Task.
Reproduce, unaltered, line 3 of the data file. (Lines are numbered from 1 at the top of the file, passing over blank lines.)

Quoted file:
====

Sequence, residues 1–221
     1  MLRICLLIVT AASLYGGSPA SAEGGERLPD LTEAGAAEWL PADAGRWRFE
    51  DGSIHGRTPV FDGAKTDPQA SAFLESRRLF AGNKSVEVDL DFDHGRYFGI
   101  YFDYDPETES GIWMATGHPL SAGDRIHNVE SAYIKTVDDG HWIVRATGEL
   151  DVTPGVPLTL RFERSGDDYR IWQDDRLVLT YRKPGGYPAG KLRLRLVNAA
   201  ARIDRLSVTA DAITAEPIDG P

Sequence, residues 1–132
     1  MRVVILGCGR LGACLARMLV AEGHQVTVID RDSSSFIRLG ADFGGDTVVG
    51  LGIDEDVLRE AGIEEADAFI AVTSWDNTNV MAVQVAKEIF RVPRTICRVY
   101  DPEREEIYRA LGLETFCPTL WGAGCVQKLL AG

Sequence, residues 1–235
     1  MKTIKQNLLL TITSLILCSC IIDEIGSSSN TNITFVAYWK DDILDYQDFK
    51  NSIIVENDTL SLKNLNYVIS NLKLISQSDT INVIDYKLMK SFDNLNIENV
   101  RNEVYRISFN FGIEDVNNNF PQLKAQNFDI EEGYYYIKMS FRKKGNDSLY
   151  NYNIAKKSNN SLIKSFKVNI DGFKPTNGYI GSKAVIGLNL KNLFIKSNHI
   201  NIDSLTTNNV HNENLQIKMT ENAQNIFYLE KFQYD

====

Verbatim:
    51  DGSIHGRTPV FDGAKTDPQA SAFLESRRLF AGNKSVEVDL DFDHGRYFGI